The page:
Wednesday, May 18, 2022

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Improving Undergraduate STEM Education (IUSE): Computing in Undergrad Education

 
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    CFDA#

    47.070; 47.076
     

    Funder Type

    Federal Government

    IT Classification

    A - Primarily intended to fund technology

    Authority

    National Science Foundation (NSF)

    Summary

    Computing is increasingly central to innovation across a wide range of disciplinary and interdisciplinary problem domains, resulting in undergraduate computer science, computer engineering, and information science programs being called upon to prepare larger and more diverse student populations. However, standard computing course sequences do not always serve these student populations well. Among other factors, a dearth of innovative, culturally relevant curricula and student support in undergraduate computing pathways have contributed to low participation of students from groups underrepresented in computing, leaving a huge swath of diverse talent untapped. In addition, valuable curricular reforms undertaken by a single institution often have limited impact on the larger academic community and do not account for the myriad of pathways students may take to arrive in computing courses. Given the role of two-year colleges in equipping students for both computing workforce needs and continued post-secondary education, it is also key to understand and support the many ways in which students experience these institutions throughout their computing education.


    With this solicitation, IUSE: CUE invites proposals for partnerships to re-envision how to teach computing effectively in a scalable manner focusing on those undergraduate students from groups underserved by traditional computing courses and careers. Proposals will be funded across three tracks that focus on evidence-based transformative efforts to modernize computing courses and accelerate student success in the knowledge, skills, and dispositions of current and emerging industries, and/or explore effective pathways to computing degrees and careers that involve two-year colleges and industry partnerships.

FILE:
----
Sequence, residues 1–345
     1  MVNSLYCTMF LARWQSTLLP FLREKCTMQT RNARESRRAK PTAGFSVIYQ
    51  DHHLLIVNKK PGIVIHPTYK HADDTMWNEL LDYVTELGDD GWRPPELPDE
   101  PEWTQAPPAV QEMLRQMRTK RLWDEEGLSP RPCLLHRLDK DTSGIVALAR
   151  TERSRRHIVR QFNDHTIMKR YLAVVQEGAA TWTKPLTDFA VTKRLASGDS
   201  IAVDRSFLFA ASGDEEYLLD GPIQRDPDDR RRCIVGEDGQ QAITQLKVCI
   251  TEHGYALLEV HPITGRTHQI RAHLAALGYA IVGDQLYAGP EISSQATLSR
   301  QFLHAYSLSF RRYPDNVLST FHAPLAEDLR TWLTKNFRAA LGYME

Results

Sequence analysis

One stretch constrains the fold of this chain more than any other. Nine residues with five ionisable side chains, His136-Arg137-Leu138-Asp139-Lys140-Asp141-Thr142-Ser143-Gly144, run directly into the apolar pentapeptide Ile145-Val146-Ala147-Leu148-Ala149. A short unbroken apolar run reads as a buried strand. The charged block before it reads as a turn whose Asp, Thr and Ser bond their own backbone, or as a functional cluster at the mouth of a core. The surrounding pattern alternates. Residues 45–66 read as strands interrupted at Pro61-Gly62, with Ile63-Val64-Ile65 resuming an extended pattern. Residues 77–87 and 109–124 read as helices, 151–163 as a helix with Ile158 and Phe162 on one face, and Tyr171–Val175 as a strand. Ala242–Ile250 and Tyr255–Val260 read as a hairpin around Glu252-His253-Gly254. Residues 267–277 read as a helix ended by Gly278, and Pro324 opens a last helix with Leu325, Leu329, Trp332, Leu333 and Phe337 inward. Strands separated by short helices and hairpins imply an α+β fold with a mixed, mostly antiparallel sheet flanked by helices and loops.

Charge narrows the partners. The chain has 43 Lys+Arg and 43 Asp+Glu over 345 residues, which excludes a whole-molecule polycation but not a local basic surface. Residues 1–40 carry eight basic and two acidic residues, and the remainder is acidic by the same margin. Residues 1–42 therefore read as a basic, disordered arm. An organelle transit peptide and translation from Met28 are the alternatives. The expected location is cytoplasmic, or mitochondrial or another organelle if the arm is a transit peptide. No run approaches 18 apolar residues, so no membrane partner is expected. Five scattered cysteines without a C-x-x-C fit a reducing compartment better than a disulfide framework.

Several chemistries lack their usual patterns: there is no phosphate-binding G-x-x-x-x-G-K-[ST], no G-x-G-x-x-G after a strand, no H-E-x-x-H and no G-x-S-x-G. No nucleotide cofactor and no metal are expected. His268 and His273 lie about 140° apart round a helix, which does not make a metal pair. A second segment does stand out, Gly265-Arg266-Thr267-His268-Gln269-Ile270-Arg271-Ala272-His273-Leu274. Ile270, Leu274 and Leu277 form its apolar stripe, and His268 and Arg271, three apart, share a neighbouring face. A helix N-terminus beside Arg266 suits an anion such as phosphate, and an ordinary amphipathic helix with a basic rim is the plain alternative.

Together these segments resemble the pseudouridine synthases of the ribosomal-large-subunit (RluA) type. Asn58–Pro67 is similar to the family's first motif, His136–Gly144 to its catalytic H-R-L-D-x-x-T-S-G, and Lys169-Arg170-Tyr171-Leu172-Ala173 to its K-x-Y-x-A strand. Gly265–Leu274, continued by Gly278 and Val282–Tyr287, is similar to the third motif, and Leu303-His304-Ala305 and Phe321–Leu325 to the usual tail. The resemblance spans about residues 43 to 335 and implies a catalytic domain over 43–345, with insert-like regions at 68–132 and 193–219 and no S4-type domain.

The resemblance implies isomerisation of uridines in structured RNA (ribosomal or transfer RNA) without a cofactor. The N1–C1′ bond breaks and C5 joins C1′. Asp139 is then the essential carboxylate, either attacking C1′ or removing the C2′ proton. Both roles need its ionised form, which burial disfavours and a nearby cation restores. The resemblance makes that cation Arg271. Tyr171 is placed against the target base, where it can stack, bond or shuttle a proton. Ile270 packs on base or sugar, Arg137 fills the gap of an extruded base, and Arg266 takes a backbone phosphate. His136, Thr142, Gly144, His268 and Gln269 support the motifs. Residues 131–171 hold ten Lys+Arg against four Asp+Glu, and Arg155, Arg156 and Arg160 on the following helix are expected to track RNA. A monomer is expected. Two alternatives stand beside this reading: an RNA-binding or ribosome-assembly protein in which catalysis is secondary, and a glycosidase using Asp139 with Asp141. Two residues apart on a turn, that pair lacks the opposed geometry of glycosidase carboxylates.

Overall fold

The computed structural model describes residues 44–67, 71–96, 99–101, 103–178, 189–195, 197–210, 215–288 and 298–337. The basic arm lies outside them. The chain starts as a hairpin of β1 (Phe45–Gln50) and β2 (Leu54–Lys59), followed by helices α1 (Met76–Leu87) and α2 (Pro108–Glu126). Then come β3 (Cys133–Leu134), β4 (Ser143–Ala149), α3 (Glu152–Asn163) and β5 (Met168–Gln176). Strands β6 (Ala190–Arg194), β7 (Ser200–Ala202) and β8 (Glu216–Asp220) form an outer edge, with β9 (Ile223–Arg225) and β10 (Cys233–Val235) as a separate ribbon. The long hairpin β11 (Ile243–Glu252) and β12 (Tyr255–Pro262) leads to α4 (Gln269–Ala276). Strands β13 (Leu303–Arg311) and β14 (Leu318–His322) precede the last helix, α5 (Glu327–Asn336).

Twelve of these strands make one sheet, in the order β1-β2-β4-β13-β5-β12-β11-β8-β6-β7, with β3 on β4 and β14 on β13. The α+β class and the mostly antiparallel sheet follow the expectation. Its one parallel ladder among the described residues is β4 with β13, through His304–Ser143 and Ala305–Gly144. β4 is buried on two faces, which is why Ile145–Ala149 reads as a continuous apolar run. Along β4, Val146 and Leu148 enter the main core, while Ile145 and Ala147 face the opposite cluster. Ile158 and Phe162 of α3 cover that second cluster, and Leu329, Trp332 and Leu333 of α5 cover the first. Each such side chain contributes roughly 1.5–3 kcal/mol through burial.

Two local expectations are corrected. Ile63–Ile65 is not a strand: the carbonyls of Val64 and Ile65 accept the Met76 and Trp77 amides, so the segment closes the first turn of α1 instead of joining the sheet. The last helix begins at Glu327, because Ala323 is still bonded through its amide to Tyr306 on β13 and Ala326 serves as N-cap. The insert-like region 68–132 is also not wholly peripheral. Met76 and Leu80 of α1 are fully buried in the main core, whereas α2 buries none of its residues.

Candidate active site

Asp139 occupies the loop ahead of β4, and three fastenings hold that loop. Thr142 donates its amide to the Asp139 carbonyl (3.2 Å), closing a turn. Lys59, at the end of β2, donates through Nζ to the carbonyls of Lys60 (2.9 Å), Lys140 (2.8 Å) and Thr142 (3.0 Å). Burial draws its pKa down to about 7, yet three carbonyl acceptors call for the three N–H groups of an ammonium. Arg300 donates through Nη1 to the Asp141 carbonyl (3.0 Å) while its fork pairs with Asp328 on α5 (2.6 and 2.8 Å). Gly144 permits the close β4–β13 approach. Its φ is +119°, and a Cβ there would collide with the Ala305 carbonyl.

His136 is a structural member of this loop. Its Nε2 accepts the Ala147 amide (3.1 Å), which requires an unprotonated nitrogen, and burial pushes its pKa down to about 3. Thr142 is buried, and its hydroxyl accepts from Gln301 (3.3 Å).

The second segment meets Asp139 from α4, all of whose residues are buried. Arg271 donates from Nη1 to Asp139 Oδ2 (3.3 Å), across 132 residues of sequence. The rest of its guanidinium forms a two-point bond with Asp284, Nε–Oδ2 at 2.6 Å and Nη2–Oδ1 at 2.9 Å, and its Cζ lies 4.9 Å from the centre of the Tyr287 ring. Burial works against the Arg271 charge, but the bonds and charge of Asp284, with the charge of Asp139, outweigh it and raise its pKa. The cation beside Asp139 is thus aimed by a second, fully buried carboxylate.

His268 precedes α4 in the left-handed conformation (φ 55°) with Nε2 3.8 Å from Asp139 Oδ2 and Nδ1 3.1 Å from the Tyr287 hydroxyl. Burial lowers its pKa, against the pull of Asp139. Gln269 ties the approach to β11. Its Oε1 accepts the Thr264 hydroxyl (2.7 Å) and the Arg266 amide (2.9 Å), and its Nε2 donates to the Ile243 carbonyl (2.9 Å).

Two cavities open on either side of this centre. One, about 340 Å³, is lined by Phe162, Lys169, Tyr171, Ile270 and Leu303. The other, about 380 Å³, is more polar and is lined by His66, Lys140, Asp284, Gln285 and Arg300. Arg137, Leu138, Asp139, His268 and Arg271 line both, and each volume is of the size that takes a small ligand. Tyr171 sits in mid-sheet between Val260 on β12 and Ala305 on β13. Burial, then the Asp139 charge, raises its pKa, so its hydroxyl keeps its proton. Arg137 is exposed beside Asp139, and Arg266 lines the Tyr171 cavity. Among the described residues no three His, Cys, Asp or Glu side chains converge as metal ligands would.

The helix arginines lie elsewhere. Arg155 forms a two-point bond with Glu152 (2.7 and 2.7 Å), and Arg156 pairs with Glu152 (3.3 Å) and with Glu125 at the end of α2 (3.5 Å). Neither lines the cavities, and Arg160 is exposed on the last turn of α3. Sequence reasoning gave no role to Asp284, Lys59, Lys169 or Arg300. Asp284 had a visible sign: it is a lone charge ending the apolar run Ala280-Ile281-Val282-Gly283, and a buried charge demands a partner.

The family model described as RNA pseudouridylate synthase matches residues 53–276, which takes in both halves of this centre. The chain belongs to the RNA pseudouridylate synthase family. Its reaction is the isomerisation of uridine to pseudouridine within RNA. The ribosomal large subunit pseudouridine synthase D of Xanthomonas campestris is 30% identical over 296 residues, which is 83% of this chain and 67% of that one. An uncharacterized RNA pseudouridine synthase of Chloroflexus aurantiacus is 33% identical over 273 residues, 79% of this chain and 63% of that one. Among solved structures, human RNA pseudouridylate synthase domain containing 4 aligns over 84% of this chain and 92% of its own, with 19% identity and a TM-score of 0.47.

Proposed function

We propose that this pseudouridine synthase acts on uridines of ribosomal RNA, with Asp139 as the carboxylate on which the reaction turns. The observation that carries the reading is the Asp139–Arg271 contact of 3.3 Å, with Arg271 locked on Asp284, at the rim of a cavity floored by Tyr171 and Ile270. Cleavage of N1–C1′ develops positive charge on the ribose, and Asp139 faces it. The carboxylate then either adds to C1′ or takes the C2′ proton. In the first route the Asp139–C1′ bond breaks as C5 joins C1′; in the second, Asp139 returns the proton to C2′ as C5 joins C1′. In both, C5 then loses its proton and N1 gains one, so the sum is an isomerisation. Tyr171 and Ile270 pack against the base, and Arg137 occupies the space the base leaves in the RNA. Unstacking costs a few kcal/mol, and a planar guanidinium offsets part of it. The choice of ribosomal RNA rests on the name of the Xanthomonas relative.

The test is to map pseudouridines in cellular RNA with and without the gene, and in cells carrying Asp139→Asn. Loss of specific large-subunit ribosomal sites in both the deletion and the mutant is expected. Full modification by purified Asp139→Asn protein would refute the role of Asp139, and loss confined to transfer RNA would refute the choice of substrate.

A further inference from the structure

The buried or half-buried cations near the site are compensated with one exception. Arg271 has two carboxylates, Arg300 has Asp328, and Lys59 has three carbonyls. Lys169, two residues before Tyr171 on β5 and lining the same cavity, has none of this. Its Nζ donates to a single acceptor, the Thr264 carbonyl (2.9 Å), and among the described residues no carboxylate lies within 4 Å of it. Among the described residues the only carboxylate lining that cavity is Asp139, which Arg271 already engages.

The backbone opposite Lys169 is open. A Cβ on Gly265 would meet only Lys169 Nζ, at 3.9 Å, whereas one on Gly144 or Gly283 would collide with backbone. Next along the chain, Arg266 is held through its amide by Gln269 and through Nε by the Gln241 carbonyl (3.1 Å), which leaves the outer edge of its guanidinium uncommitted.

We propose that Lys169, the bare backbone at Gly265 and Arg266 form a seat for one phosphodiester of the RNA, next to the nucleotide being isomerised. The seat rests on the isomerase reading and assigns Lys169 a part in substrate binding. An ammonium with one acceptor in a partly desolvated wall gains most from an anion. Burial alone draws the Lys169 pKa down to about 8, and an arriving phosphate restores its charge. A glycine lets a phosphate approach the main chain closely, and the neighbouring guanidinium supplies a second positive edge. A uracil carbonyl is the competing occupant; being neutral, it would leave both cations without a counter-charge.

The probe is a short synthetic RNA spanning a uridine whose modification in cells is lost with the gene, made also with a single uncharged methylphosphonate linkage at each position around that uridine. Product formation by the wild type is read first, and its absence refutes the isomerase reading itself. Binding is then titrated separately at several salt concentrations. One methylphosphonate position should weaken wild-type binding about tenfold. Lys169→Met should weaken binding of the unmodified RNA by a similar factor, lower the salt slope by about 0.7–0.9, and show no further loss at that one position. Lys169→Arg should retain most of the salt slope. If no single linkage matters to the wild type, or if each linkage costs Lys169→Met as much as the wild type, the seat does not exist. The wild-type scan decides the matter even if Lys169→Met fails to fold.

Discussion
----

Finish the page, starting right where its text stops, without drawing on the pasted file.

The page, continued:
1. The Transformation track focuses on addressing one or more key challenges areas in transforming undergraduate computing education through innovative programs.
    2. The Pathways track considers the multiple entry and exit points through two-year colleges as part of effective pathways to computing degrees and careers.
    3. The Mobilizing track aims to develop a shared national vision around innovation and inclusion in undergraduate computing education.
     

    History of Funding

    Previously funded projects can be seen at https://www.nsf.gov/awardsearch/advancedSearchResult?ProgEleCode=055Y,1714,1998&BooleanElement=Any&BooleanRef=Any&ActiveAwards=true&#results.

    Additional Information

    Transformation Track:

    Transformation proposals should focus on one or more key challenges to re-envision undergraduate computing education. Specific challenges include but are not limited to:

    • The intersection of computing and other disciplines- This challenge seeks innovative approaches to address the growing demand being placed on CISE departments across all types of institutions of higher education.
    • Undergraduate computing courses for 2025- This challenge seeks innovative ways to update computing pathways to better provide students with the fundamental skills and understandings for the ever-changing landscape of computing careers.
    • Holistic support toward computing degrees and certifications- This challenge seeks innovative strategies that support students in their path to computing careers, with particular focus on increasing access to computing education for those traditionally underrepresented in computing.
    • Effective, inclusive, and equitable online teaching for computing- As remote education becomes more common at IHEs, it is critical that online curricula foster effective, inclusive, and equitable learning environments for a diverse student body. This challenge seeks new and innovative ways to promote inclusive online teaching and learning for computing undergraduate education.

    Pathway Track

    Pathways proposals should support and explore effective pathways to computing degrees and careers involving two-year colleges. Specifically, proposers should consider the multiple entry and exit points through two-year colleges: